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"Tis strange how many unimagin'd charges
Can swarm upon a man, when once the lid
Of the Pandora box of contumely
Is open'd o'er his head.

Sweet are the uses of adversity,
Which, like a toad, ugly and venomous,
Wears yet a precious jewel in his head.

I am not now in fortune's power;
He that is down can sink no lower.

Heaven but tries our virtue by affliction;
As oft the cloud that wraps the present hour
Serves but to lighten all our future days.

I will bear it
With all the tender sufferance of a friend,
As calmly as the wounded patient bears
The artist's hand that ministers his cure.

Deserted in his utmost need
By those his former bounty fed.

BUTLER'S Hudibras


Affliction is the good man's shining scene;
Prosperity conceals his brightest ray;
As night to stars, woe lustre gives to man.


OTWAY'S Orphan.

Affliction is the wholesome soil of virtue;
Where patience, honour, sweet humanity,
Calm fortitude, take root and strongly flourish.

Misfortune does not always wait on vice;
Nor is success the constant guest of virtue,

I pray thee, deal with men in misery,
Like one who may himself be miserable.



YOUNG'S Night Thoughts.






In this wild world the fondest and the best

Are the most tried, most troubled and distress'd.

Aromatic plants bestow

No spicy fragrance while they grow;
But, crush'd or trodden to the ground,
Diffuse their balmy sweets around.

For every want, that stimulates the breast,
Becomes a source of pleasure when redrest.

Each breast, however fortified,
By courage, apathy, or pride,
Has still one secret path for thee,
Man's subtle foe-Adversity.

The good are better made by ill,
As odours crush'd are better still.


Though losses and crosses

Be lessons right severe,
There's wit there, ye'll get there,
Ye'll find nae other where.


MRS. HOLFORD'S Margaret of Anjou.


The brave unfortunates are our best acquaintance;
They show us virtue may be much distress'd,
And give us their example how to suffer.

"T was thine own genius gave the final blow,
And help'd to plant the wound that laid thee low.
So the struck eagle, stretch'd upon the plain,
No more through rolling clouds to soar again,
View'd his own feather on the fatal dart,
And wing'd the shaft that quiver'd in his heart.
Keen were his pangs, but keener far to feel
He nurs❜d the pinion that impell'd the steel;







While the same plumage that had warmed his nest,
Drank the last life-drop of his bleeding breast.
BYRON'S English Bards, &

I have not quail'd to danger's brow
When high and happy-need I now?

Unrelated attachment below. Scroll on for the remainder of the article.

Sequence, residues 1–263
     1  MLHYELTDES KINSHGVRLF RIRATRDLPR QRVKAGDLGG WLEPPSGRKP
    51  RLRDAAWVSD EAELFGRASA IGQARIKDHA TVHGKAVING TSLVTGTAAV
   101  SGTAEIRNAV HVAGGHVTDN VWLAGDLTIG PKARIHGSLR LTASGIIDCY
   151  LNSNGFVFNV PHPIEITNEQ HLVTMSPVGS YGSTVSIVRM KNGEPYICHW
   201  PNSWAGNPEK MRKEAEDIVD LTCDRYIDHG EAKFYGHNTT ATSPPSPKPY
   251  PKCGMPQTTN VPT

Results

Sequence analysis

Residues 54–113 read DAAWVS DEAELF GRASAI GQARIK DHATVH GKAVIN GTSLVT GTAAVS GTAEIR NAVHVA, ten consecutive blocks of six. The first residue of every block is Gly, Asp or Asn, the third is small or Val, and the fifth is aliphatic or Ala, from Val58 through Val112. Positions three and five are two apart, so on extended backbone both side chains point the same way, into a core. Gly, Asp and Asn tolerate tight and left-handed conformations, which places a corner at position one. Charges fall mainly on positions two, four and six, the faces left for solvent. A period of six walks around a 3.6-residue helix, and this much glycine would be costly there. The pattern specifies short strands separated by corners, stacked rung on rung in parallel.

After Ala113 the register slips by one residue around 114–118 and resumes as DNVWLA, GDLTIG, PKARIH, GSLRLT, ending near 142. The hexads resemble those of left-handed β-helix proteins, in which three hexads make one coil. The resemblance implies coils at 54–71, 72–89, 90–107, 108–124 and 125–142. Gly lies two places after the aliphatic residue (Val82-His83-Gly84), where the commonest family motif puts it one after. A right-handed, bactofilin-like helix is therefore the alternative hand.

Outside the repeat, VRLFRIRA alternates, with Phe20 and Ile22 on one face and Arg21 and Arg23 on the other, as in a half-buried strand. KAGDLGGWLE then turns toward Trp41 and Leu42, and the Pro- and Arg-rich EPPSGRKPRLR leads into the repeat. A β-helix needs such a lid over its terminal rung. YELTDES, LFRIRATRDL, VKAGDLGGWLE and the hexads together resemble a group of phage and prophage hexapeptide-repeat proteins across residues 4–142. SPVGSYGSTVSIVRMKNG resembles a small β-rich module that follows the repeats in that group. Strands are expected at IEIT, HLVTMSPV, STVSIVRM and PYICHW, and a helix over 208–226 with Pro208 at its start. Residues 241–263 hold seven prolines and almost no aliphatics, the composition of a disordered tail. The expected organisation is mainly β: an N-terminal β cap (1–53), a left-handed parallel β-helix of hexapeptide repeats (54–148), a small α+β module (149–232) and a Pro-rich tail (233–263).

BYRON'S Giaour.

Of all the horrid, hideous notes of woe,

Sadder than owl-songs on the midnight blast,
Is that portentous phrase, "I told you so,”

Utter'd by friends, those prophets of the past,
Who 'stead of saying what you now should do,

Own they foresaw that you would fall at last;
And solace your slight lapse 'gainst “bonos mores,”
With a long memorandum of old stories.

BYRON'S Don Juan.

The rugged metal of the mine
Must burn before its surface shine;
But, plung'd within the furnace flame,
It bends and melts-tho' still the same.

BYRON'S Giaour.

What is the worst of woes that wait on age?
What stamps the wrinkle deepest on the brow?
To view each loved one blighted from life's page,
And be alone on earth-as I am now.

BYRON'S Childe Harold.

From mighty wrongs to petty perfidy,

Have I not seen what human things could do?
From the loud roar of foaming calumny,

To the small whisper of the as paltry few
And subtle venom of the reptile crew?

BYRON'S Childe Harold.

A hermit, 'midst of crowds, I fain must stray
Alone, tho' thousand pilgrims fill the way:
While these a thousand kindred wreaths entwine,
I cannot call one single blossom mine.



The blackest ink of fate was sure my lot,
And when fate writ my name, it made a blot.

Alone she sate-alone!-that worn-out word,
So idly spoken and so coldly heard;

Yet all that poets sing, and grief hath known,
Of hope laid waste, knells in that word-alone!

I may not weep-I cannot sigh,

A weight is pressing on my breast;
A breath breathes on me witheringly,
My tears are dry, my sighs supprest!

The New Timon.



Let me entreat

You to unfold the anguish of your heart;
Mishaps are master'd by advice discreet,
And counsel mitigates the greatest smart.

SPENSER'S Fairy Queen.
Direct not him whose way himself will choose;
"Tis breath thou lack'st, and that breath wilt thou lose.

I pray thee, cease thy counsel,
Which falls into mine ear as profitless
As water in a sieve.

I shall the effect of this good lesson keep,
As watchman to my heart.




Men counsel and speak comfort to that grief
Which they themselves not feel; but, tasting it,
Their counsel turns to passion, which before
Would give preceptial medicine to rage,


Fetter strong madness in a silken thread,
Charm ache with air, and agony with words

Give every man thine ear, but few thy voice;
Take each man's censure, but reserve thy judgment.


There is in life no blessing like affection;
It soothes, it hallows, elevates, subdues,
And bringeth down to earth its native heaven:—
Life has naught else that may supply its place.


Oh! there are looks and tones that dart
An instant sunshine through the heart;
As if the soul that minute caught
Some treasure it through life had sought.


Alas! our young affections run to waste,
Or water but the desert.

'T were sweet to kiss thy tears away,
If tears those eyes must know;
But sweeter still to hear thee say,
Thou never hadst them flow.


BYRON'S Childe Harold.

Oh, sweet are the tones of affection sincere,
When they come from the depth of the heart;
And sweet are the words that banish each care,
And bid sorrow for ever depart!

How cling we to a thing our hearts have nursed!



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